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Technical Briefs

Thermophysical Properties of LiNO3–NaNO3–KNO3 Mixtures for Use in Concentrated Solar Power

[+] Author and Article Information
Kevin Coscia

Research Engineer
Dynalene, Inc.,
5250 West Coplay Road,
Whitehall, PA 18052
e-mail: kevinc@dynalene.com

Spencer Nelle

e-mail: sjn31010@lehigh.edu

Tucker Elliott

e-mail: tre210@lehigh.edu
Department of Mechanical Engineering
and Mechanics,
Lehigh University,
Bethlehem, PA 18015

Satish Mohapatra

President and CEO
Dynalene, Inc.,
5250 West Coplay Road,
Whitehall, PA 18052
e-mail: satishm@dynalene.com

Alparslan Oztekin

Professor
e-mail: alo2@lehigh.edu

Sudhakar Neti

Professor
e-mail: sn01@lehigh.edu
Department of Mechanical Engineering
and Mechanics,
Lehigh University,
Bethlehem, PA 18015

Contributed by Solar Energy Division of ASME for publication in the Journal of Solar Energy Engineering. Manuscript received August 31, 2012; final manuscript received March 5, 2013; published online June 11, 2013. Assoc. Editor: Markus Eck.

J. Sol. Energy Eng 135(3), 034506 (Jun 11, 2013) (5 pages) Paper No: SOL-12-1210; doi: 10.1115/1.4024069 History: Received August 31, 2012; Revised March 05, 2013

One of the major challenges preventing the concentrated solar power (CSP) industry from occupying a greater portion of the world's energy portfolio are unattractive start up and operating costs for developers and investors. In order to overcome these reservations, plant designers must be able to achieve greater efficiencies of power production. Molten salt nitrates are ideal candidates for CSP heat transfer fluids and have been proposed to offer significant performance advantages over current silicone based oil heat transfer fluids. Ternary molten salt nitrates offer high operating temperatures while maintaining low freezing temperatures. However, a shortage of important thermophysical property data exists for these salts. Previous work has shown the ternary compositions of LiNO3–NaNO3–KNO3 salts offer the widest possible temperature range for use in a CSP system. The present work contains data for the viscosity, specific heat, and latent heat of some mixtures of these salts at various temperatures, providing vital information for plant designers to optimize power generation and attract future investment to CSP systems.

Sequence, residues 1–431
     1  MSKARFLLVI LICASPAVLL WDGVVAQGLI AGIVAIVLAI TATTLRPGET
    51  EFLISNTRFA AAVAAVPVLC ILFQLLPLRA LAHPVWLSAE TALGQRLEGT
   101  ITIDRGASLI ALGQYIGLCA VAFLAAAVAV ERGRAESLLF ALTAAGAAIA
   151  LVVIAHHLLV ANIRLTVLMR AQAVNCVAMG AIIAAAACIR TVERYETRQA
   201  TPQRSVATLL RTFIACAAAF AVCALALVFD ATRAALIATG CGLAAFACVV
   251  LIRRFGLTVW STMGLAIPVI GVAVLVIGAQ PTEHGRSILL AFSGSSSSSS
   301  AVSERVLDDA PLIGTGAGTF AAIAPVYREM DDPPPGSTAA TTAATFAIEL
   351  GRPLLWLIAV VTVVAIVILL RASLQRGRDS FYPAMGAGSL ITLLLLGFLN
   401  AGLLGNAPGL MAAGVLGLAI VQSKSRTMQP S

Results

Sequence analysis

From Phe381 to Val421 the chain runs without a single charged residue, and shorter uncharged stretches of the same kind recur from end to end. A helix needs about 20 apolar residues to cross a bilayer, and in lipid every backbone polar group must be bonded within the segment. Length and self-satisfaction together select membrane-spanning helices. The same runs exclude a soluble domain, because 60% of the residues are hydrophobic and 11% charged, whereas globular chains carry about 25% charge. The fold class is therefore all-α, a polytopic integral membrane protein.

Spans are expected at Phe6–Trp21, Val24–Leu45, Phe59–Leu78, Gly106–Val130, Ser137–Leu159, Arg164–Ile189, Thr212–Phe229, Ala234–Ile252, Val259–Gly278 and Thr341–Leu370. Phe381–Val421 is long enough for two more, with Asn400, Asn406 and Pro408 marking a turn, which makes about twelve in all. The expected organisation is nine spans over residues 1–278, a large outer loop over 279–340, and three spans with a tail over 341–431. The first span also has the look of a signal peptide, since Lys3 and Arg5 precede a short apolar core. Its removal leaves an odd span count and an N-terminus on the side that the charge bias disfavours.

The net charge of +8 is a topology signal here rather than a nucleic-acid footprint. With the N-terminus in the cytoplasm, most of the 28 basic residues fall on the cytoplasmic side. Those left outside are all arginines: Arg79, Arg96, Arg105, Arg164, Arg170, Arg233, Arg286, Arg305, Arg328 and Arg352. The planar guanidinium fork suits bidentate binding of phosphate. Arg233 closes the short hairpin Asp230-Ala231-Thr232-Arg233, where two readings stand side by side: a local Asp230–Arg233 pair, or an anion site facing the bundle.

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References

Figures

Grahic Jump Location
Fig. 1

Viscosity of equimolar eutectic NaNO3–KNO3 and similar LiNO3–NaNO3–KNO3 mixtures

Grahic Jump Location
Fig. 2

Specific heat of pure LiNO3, NaNO3, and KNO3 from 100  °C to 400  °C

Grahic Jump Location
Fig. 3

Specific heat of the ternary mixtures from 100  °C to 400  °C. Increasing LiNO3 resulted in increasing Cp values. Cp was found to be insensitive to temperature change in the molten state.

Grahic Jump Location
Fig. 4

Latent heat values for many ternary mixtures. The binary equimolar NaNO3–KNO3 salt is represented by the black dots. Latent heat values increased with the addition of LiNO3.

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